Our Second Visit to Joshua Tree National Park – Part One

Introduction

This was our second visit to Joshua Tree National Park in California. After having a spectacular time last year we knew we would return once again to enjoy the hiking, camping and photographic opportunities the park offers. Joshua Tree NP has many campgrounds to choose from. We find the one called Belle to be best suited for us. The others are either too far away from the main park attractions, too busy or the spots are more suited to tents than RVs. Belle is a little away from the heart of the park but not too far, maybe 15 minutes to ½ hour from the main attractions.

Anne posed between trees, Belle campground in the distance   Entrance Sign

Our Favorite Campground

We planned it out to arrive on a Tuesday hoping the park would be less busy and we could score a nice camp spot. We were in luck! Belle campground was nearly empty and we setup in #15, a beautiful and roomy site. A little rig leveling was needed but we managed and our 30 foot fifth wheel fit nicely in place. Belle campground is made up of two loops and around 20 or so campsites. Half are only big enough for tents or small RVs, the others can handle medium sized RVs maybe in the 25-30 foot range. Although I did see some larger rigs shoe-horned in. Maximum stay is 14 nights and the fee is a very reasonable $10 dollars per night. A bargain considering that you are enjoying National Park quality scenery. They provide a couple pit toilets and garbage bins on site. Pets are allowed on leash in the campground area but only 100 feet away.  Noteif you have a really large rig and can’t fit, there is some 14 days free dispersed BLM camping spots just outside the southern park entrance near the  Interstate 10 exit.

Site #15, Belle campground   View out back window Belle Campground, Joshua Tree NP

Belle Campground Site 15   10 Dollars per night 14 day Max

NP Doggie Rules in Effect

Being a National Park as usual the rules are dogs on leash at all times and they are only allowed on paved roads, paths and parking areas. It sucks but we respect it and understand. I usually give Angie (our furry child) a good long morning walk along the road to wear her out. We then leave her in the rig, in her kennel, while out experiencing the park. The weather was sunny and nice but temps stayed in the 70’s so with the trailer windows open it was quite comfortable for Angie. I keep a digital thermometer that tells me the max. temps that are reached inside, so I know if it is safe to leave Angie.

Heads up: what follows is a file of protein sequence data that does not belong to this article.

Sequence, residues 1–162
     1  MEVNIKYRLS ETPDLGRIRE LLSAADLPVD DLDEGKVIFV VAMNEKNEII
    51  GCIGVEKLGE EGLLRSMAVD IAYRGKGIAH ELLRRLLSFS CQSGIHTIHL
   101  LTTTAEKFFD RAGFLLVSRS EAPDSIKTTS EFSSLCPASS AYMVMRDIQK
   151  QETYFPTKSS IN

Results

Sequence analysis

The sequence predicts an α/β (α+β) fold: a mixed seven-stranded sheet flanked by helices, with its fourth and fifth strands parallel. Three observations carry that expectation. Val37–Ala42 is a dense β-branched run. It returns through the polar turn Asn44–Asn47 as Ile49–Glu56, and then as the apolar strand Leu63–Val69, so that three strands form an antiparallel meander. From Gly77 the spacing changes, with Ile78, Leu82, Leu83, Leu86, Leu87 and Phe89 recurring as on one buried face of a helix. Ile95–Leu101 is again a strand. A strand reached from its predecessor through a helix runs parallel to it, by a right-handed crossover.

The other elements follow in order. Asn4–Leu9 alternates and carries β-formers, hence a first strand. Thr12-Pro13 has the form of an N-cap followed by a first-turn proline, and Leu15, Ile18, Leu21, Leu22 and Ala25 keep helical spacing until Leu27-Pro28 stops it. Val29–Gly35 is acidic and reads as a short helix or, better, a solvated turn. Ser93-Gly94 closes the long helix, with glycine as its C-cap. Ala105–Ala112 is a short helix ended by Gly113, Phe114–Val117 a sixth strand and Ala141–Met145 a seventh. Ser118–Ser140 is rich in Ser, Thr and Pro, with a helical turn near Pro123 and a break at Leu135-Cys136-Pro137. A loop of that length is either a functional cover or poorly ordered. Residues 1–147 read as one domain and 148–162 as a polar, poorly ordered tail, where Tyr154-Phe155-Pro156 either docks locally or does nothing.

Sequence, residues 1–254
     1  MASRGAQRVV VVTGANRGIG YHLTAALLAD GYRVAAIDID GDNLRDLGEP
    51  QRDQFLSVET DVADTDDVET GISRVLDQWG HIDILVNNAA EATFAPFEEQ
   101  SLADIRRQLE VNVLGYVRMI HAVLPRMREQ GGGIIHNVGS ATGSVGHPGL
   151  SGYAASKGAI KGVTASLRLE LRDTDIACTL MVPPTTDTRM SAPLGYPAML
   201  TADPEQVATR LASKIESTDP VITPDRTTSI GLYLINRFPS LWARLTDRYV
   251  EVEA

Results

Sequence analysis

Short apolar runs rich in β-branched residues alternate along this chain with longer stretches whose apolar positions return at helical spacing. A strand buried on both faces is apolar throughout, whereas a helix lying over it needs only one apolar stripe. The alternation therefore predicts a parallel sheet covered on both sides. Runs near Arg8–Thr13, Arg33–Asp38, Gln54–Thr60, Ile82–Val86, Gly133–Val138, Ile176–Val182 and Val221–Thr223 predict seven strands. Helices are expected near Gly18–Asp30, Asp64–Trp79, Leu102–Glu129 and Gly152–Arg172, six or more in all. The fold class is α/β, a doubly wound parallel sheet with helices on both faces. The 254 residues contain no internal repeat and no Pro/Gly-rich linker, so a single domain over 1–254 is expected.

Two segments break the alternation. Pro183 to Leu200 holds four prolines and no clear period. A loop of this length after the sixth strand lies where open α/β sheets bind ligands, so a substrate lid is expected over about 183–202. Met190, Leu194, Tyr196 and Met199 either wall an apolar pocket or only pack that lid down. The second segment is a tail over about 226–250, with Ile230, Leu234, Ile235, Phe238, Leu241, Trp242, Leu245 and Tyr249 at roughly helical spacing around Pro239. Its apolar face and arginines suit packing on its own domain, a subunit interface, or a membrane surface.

Morning beagle walk Joshua Tree

Angie on her morning walk

Video Look at Our Belle Campground Site #15

Off to Jumbo Rocks

The first evening we drove the short distance over to an area called Jumbo Rocks, named for the collection of giant granite boulders all piled up in many interesting shapes. This is also home to one of the most popular campsites and usually pretty packed. We came that night with the intention of photographing a pair of very round boulders balanced on the rock pile. At sunset the rocky terrain usually lights up and the boulders give off a pretty orange glow.

Boulders colored by the setting sun   Sunset Joshua Tree NP

As we had cameras aimed at our subject as often happens the main event was in a completely different direction. We were treated to one on the most beautiful sunsets I’ve ever witnessed, the sky was on fire! Nature’s display lasted a good half hour and our second visit to Joshua Tree National Park was off to an amazing start.

Check out Part Two where we visit some Cholla

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